This Hunter Did 30 Straight Days Of Murphs To Prepare For The Coming Season And Explained How The Grueling Workout Eventually Felt Like A Zoom Call

30 Day Murph Challenge

Courtesy of Alex Hamilton

When Alex Hamilton convinced himself to attempt the 30 Murph workouts in 30 days, he knew it would be a daunting task.

“It didn’t help that anytime I mentioned it to someone, they responded something like ‘You’re going to die but if you don’t you’re going to get shredded.’ ”

“Sorry if this is a spoiler,” jokes Hamilton, “but neither really happened.”

The idea seemed even crazier to the 27-year-old from Boise, Idaho, when he did the math.

After 30 days Hamilton would have accomplished 3,000 pullups, 6,000 pushups, 9,000 squats, and 60 miles. All while wearing a 20lb weight vest.

Before convincing himself to start this journey, Hamilton did extensive research on both the Murph and the success rate of people attempting the grueling month of pulling, pushing, and torturing the body.

“I’m a fairly research-driven individual, so I did what I always do when I commit to something: I spent hours reading, collecting, and skimming through the deepest parts of the internet for answers.

As expected, I’m not the first to do a Murph every day for 30 days, but the fact that anyone had done it at all gave me the confidence that I needed. Also, the size of that small group of people who have completed 30 Murphs in 30 days decreases dramatically when you add in the 20 lb weight vest which, of course, is an essential part of the Murph.”

So why would Hamilton put himself through this torture?

“In June, I ended up getting the quarantine crazies and knew one of two things were soon going to happen – I was either going to get in great shape OR I was going to get really good at binging TV shows, telling kids to get off my lawn, and mainlining donuts and cookies.”

Hamilton chose the first option. He also thought the Murphs wouldn’t be a bad idea to get into shape for the coming hunting season.

“I’m really into any outdoor adventure, especially hunting. It was actually one of the secondary drivers of me doing the challenge: to prepare for archery elk hunting season. I do a lot of solo hunting, so I always like to be in the best shape I can for that.”

To test himself physically before his 30 day Murph mayhem, Hamilton completed a 22 pull-ups for 22 days challenge.

With some serious effort and encouragement, he completed one set of 22 pull-ups with 25 pounds by day 22, but he learned a few more important things about himself that had nothing to do with exercise. Both would be crucial in completing the 30-day Murph challenge.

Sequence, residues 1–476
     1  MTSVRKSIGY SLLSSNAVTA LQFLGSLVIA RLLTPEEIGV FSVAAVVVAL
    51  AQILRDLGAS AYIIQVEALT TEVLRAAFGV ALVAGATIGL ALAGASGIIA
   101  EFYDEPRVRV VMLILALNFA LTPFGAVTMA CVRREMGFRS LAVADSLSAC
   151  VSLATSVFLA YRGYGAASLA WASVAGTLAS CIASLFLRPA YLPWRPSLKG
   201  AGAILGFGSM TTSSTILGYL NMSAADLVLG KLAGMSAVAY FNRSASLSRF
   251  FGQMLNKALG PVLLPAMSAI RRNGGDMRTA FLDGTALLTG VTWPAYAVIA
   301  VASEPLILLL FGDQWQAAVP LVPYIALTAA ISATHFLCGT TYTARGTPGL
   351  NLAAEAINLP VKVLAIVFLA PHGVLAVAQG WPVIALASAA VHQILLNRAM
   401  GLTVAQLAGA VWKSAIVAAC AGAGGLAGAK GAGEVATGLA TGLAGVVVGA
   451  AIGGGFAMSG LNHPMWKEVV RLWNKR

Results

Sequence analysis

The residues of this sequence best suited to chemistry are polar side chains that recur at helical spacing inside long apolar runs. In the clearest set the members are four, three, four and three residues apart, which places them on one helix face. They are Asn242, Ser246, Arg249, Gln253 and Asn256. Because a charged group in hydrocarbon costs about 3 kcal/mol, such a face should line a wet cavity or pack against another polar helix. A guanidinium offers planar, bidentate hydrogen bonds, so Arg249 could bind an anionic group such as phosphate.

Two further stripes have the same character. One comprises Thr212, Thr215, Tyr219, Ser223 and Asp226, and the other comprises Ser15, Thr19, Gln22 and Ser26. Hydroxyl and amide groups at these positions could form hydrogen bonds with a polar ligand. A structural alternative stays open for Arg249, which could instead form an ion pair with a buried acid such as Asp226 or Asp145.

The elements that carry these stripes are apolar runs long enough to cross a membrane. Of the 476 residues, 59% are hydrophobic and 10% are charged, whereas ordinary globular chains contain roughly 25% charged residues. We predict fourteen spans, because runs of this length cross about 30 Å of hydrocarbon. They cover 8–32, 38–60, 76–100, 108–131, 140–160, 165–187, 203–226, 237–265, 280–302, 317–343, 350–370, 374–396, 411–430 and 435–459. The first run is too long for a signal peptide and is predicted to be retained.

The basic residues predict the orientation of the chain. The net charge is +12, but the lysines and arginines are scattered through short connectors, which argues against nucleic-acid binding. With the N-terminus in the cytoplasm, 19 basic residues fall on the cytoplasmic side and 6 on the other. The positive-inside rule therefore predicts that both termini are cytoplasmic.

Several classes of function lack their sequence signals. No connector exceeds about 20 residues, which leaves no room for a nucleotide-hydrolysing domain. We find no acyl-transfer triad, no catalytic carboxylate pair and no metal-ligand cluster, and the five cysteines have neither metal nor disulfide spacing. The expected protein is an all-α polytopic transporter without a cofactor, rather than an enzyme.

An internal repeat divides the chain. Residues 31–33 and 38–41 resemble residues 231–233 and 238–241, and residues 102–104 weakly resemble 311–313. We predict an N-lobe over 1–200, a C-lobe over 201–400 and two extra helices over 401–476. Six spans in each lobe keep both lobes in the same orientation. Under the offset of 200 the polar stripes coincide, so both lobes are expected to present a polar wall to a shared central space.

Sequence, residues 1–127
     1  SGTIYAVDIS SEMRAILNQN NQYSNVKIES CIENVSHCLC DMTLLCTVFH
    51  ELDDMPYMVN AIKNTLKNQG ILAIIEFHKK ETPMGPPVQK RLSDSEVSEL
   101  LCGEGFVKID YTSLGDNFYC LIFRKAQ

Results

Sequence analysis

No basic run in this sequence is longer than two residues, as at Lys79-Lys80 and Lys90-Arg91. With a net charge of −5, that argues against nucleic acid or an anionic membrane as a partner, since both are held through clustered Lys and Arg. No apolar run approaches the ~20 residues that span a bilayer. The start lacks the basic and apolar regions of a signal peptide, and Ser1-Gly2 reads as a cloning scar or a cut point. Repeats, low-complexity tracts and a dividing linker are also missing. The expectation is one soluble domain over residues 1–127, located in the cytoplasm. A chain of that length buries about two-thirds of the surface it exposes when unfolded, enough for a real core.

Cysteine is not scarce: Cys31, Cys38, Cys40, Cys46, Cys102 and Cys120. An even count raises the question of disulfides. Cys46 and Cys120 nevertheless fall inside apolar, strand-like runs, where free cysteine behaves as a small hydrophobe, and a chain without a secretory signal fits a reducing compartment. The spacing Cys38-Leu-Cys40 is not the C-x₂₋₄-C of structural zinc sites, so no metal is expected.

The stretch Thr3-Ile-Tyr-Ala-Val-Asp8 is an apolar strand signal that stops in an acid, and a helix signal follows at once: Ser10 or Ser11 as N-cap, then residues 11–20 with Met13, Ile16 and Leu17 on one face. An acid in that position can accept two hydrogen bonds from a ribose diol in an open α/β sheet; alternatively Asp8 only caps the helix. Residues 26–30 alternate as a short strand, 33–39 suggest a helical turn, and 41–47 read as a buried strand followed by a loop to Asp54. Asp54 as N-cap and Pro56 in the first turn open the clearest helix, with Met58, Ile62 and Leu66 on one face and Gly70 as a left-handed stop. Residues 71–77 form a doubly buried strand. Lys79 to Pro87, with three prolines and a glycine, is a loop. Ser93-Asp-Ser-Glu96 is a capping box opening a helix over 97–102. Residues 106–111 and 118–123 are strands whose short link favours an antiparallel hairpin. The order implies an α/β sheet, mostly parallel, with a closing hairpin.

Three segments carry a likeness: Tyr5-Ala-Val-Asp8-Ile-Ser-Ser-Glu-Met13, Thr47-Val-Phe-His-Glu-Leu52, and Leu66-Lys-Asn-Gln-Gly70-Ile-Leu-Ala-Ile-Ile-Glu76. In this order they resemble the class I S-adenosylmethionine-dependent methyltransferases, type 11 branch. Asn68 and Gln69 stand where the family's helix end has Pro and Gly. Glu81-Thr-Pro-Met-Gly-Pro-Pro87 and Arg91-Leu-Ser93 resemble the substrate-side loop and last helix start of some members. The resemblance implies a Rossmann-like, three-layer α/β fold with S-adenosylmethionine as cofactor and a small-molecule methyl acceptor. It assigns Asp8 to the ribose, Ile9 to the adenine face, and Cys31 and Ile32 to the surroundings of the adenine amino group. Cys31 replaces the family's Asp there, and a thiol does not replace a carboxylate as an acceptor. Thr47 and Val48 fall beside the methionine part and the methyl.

“Doing the pull-up challenge, I learned I could use social media to keep myself accountable – because I let everyone know about the challenge beforehand – and these self-created challenges were pushing me further than I honestly thought I could go.”

During the Murph, Hamilton decided to cut out sugar and eat 175 grams of protein a day, primarily from chicken. Not the ones featured in the video.

“This diet change which may have been harder than the Murph Challenge itself,” jokes Hamilton.

He also supplemented with the Onnit 30-Day Total Supplement packs, Whey Isolate, and Total Strength preworkout.

“If I could recommend one thing from those three products, it would be the Total Supplement Pack. I stopped taking them twice during the 30 days – just as a test – and felt my recovery time slow noticeably both times and my Murph times slump significantly.

Hamilton obviously feels a strong sense of accomplishment for sticking it out for the 30 days but describes the experience as “an absolute grind.”

“The first six to seven days of the Murph were by far the hardest, but after the first week, it felt a lot less like a workout, and more like a daily catch-up Zoom meeting. You really don’t want to do it, and you know it’s going to suck, but you just have to just get through it.”

His biggest improvement during the month of Murphs was to his push-ups but the worst part of each day is the squats.

“I have legs like a baby deer, and squats were and always have been my greatest weakness. I’d love to say post-challenge, I became a beast at squats, but I can confidently say that’s not the case.”

Hamilton also gained roughly 4 pounds of muscle.

“I’ve always been pretty lean, especially from the running, so the muscle gain was a huge win. Though, the gain may not have been the workout as much as it was eating 175 grams of protein a day.”

Hamilton’s next personal challenge will be to run a marathon and then an ultra sometime in the next year.

Do you have a motivational, inspirational, or insane fitness story to tell? Let’s hear it! Shoot an email to chris [@] and you could be featured on the website.


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